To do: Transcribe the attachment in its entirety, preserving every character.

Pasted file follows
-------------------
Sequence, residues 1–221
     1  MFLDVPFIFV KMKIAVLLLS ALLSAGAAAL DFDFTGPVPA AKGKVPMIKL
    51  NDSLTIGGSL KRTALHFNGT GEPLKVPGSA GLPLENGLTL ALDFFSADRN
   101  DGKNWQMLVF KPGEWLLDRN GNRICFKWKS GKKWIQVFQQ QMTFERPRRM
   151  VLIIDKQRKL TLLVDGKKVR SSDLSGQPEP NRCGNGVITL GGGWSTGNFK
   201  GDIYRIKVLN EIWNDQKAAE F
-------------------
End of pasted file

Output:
Sequence, residues 1–221
     1  MFLDVPFIFV KMKIAVLLLS ALLSAGAAAL DFDFTGPVPA AKGKVPMIKL
    51  NDSLTIGGSL KRTALHFNGT GEPLKVPGSA GLPLENGLTL ALDFFSADRN
   101  DGKNWQMLVF KPGEWLLDRN GNRICFKWKS GKKWIQVFQQ QMTFERPRRM
   151  VLIIDKQRKL TLLVDGKKVR SSDLSGQPEP NRCGNGVITL GGGWSTGNFK
   201  GDIYRIKVLN EIWNDQKAAE F